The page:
Student advocate Richard Prinz is an expert about phobias and their impact on people. He has helped students acknowledge and overcome their phobias. Additionally, he himself has experience with relentless phobias.
“A phobia is defined as an irrational fear or relentless dread of a situation, creature, place or thing,” Prinz said. “Social phobia would affect [someone]daily. I’ve met some people like that, where it’s hard [for them]to interact.”
Phobias incorporate themselves into daily life in varying degrees. Some phobias, such as social phobia, are difficult to avoid, as they become inextricably entwined in a person’s routine.
“I have very high-functioning social anxiety so I can do daily activities; it’s just constantly in the back of my mind,” Lillian said. “If I have prolonged periods of just talking, my chest will constrict and I’ll have trouble breathing. It gets very overwhelming, my heart will always start racing.”
Prinz explains that phobias do not always develop as a response to personal experiences. He reveals that phobias can also be learned.
“[People with phobias] could have learned it from a family member who has a fear, and then they pick up that fear,” Prinz said. “My mom was afraid of being alone, so I noticed that when I got older, I was afraid of being alone. I thought it was my fear, but it was something I learned.”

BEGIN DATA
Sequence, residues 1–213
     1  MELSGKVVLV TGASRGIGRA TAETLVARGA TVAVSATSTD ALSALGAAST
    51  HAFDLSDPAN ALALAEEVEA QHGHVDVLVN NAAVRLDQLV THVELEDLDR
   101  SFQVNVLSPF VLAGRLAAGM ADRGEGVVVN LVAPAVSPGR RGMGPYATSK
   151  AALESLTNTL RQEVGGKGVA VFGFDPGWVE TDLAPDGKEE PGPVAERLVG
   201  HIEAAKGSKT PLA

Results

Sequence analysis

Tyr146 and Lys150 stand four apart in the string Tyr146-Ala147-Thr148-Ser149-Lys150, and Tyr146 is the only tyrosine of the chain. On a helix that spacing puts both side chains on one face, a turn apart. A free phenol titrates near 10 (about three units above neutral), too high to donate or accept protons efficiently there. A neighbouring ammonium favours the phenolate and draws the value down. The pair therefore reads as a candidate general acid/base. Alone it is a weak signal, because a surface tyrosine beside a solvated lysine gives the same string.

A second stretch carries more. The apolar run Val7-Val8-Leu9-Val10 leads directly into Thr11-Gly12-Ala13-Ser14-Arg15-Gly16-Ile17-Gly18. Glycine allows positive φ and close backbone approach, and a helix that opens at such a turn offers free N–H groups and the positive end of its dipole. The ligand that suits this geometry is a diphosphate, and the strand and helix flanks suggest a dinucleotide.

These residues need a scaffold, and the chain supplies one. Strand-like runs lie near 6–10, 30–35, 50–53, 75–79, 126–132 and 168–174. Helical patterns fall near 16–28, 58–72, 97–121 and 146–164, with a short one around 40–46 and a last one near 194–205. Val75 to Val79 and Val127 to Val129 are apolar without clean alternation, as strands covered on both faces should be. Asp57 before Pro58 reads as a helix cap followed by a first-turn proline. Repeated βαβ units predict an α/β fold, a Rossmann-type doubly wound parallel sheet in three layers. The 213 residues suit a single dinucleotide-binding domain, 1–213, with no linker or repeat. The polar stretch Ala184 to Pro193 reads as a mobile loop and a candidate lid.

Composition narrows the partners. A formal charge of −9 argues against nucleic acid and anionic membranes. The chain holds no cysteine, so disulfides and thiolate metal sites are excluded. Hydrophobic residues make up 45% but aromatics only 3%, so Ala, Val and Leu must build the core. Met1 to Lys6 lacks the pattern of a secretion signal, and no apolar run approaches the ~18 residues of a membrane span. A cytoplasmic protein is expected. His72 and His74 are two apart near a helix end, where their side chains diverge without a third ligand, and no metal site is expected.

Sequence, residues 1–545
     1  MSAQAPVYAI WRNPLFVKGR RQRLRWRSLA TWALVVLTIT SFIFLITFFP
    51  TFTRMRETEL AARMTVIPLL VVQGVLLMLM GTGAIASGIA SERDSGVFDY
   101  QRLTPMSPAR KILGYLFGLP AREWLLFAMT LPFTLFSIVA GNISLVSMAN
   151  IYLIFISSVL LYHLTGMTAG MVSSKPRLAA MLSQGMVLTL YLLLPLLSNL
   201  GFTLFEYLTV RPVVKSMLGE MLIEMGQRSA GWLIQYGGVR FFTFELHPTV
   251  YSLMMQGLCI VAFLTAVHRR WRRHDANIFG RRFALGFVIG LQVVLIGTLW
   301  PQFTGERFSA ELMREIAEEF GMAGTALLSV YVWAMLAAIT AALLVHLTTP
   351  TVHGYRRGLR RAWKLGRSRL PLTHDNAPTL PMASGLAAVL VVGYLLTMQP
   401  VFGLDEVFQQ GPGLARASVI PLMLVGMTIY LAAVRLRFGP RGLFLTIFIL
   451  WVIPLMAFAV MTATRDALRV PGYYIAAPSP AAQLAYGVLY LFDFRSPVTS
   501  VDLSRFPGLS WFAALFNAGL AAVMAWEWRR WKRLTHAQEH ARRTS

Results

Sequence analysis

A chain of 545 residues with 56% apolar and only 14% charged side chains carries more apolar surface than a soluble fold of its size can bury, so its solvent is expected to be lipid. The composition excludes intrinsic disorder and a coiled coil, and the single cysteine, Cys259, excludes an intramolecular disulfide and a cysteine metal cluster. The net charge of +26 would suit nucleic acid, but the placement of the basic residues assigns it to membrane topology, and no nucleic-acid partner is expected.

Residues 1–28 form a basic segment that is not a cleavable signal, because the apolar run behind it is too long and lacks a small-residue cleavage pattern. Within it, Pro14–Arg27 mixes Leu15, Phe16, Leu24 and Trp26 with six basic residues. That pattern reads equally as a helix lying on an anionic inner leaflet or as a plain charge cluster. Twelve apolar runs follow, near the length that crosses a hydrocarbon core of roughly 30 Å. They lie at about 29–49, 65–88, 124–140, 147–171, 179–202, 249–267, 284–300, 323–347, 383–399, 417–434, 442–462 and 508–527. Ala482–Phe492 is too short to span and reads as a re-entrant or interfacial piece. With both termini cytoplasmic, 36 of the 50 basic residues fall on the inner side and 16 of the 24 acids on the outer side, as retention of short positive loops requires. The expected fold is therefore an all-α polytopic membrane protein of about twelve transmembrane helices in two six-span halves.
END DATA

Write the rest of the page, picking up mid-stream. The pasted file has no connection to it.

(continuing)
While Prinz’s phobia was learned, phobias can have other origins. Senior Esha Desai has an extreme case of cynophobia, the phobia of dogs. Desai explains how her phobia developed in her childhood.
“I think I was around 11 years old,” Desai said. “I used to live in India and I lived in an apartment complex. I was going to visit a friend’s house when a dog suddenly ran from upstairs. I was probably on the 20th or 19th floor, and I was really scared so I started running down. I continued to run down 19 floors, and at that point I didn’t know that dogs think you’re playing with them if you’re running with them.”
Although every phobia triggers a response of some degree, certain people have more drastic responses. Due to Desai’s extreme response to dogs, she has to take precautions to ensure that her phobia does not take control of her mind.
“Whenever I go to [my friends’]houses, they have to put their dogs in a different room or I have to go to a different room,” Desai said. “Even at school when they bring in the dogs for a day, I usually walk 100 feet away.”
Meanwhile, Lillian experiences panic attacks as a result of her phobia. For Lillian, family contributes to her phobia, both helping her control her phobia — and being a cause of her panic attacks.